German authorities have a long history of going after Google and especially Google’s Street View for its invasion of privacy. One indication that Facebook is emerging as the top dog of the internet is that German authorities in the state of Schleswig-Holstein have started to tackle the Facebook phenomenon, too.

Thilo Weichert, Data Protection Commissioner (yes, they have such a thing) for Schleswig-Holstein, has issued an order that state institutions remove their Facebook pages and any “Like” buttons that appear on other websites. “Whoever visits or uses a plug-in,” he warns, “must expect that he or she will be tracked by the company for two years.” He goes on to say that, “Facebook builds a broad individual and for members even a personalized profile,” which includes, he claims, the IP addresses of anyone who clicks the “Like” button.

This, says Weichert is in violation of German and European law.

Facebook responded by saying that all data is deleted within 90 days, in keeping with industry norms, but Weichert doesn’t buy it. He wants local users to stop clicking “Like”, because they are unknowingly passing information to the company. He has gone so far as to threaten legal action against websites that have “Like” plug-ins, saying that they could face a fine.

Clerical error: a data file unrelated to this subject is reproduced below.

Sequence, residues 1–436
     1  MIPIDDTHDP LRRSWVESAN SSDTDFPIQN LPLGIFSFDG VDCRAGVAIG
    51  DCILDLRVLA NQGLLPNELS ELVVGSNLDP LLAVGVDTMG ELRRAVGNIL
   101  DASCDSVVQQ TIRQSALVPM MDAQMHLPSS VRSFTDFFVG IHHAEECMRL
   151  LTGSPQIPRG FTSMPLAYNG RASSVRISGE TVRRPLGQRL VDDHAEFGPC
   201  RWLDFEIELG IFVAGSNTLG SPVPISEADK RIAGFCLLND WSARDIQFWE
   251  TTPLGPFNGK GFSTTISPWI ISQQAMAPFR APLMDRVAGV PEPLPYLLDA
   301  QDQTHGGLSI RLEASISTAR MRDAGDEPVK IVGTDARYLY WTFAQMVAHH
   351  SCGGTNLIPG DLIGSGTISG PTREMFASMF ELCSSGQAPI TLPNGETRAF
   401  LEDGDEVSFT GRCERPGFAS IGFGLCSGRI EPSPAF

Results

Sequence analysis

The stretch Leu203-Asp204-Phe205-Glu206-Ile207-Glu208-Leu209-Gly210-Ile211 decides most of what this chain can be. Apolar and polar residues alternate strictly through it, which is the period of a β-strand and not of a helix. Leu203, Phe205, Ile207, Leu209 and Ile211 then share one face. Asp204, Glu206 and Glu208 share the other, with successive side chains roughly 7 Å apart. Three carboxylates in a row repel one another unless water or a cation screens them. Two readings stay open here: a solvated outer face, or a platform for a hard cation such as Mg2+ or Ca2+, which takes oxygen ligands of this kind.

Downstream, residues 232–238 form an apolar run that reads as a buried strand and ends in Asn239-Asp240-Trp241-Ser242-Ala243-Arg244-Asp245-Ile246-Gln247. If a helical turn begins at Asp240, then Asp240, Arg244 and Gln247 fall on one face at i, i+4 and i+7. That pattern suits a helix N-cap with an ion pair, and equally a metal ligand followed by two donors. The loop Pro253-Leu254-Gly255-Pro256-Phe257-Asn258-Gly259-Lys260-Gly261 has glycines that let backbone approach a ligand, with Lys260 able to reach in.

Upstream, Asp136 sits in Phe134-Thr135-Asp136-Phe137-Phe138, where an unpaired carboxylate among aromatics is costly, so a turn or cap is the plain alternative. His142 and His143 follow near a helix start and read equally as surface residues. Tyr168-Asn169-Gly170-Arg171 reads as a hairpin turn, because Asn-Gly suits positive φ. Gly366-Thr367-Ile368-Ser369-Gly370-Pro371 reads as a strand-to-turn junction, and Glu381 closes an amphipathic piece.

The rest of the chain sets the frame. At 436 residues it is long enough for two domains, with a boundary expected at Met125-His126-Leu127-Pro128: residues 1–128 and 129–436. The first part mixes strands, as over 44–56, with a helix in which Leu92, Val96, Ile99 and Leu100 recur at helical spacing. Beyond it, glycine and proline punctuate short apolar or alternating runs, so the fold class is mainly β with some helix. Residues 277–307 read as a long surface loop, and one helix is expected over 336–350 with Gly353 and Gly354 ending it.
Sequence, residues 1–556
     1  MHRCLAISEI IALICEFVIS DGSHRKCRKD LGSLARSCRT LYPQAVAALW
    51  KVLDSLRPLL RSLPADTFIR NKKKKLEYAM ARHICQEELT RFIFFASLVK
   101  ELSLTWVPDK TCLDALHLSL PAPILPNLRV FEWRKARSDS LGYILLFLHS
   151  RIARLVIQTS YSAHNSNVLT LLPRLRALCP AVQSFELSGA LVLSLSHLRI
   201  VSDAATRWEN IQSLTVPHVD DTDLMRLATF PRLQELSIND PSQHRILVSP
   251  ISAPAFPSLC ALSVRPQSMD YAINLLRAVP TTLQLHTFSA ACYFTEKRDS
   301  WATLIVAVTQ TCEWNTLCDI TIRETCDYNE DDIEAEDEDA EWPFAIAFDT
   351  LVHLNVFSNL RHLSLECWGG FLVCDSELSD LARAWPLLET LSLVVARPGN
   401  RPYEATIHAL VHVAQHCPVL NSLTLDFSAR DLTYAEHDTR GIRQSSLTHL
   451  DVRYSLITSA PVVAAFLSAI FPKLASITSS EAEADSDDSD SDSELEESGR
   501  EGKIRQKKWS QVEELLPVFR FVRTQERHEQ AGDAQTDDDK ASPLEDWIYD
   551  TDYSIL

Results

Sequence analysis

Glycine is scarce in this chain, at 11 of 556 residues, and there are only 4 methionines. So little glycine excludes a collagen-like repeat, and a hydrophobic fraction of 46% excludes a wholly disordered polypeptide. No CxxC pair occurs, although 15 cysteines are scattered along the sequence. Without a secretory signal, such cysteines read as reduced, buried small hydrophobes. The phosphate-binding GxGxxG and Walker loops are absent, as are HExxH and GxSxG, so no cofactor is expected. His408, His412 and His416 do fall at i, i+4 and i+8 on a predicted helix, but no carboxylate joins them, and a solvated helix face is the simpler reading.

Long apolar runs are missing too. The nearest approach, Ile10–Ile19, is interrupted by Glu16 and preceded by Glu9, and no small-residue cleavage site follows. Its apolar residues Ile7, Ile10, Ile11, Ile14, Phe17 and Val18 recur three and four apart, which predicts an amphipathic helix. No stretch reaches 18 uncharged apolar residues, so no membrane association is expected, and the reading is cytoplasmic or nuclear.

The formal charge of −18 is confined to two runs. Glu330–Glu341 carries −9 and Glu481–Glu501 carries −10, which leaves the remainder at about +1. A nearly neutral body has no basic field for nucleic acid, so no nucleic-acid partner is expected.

The question being asked now is how much Weichert’s pronouncement has to do with the protection of privacy and how much it has to do with political shenanigans. Germany recently faced its own Anthony Weineresque scandal when Christian von Boetticher, a leading member of Chancellor Angela Merkel’s party from Schleswig Holstein, was forced to resign because of improprieties with a 16-year-old he met on a social networking site. According to some of his political colleagues, von Boetticher spent more time on Facebook than he did on his job. In other words, social networking caused him to “Like” someone a bit too much.

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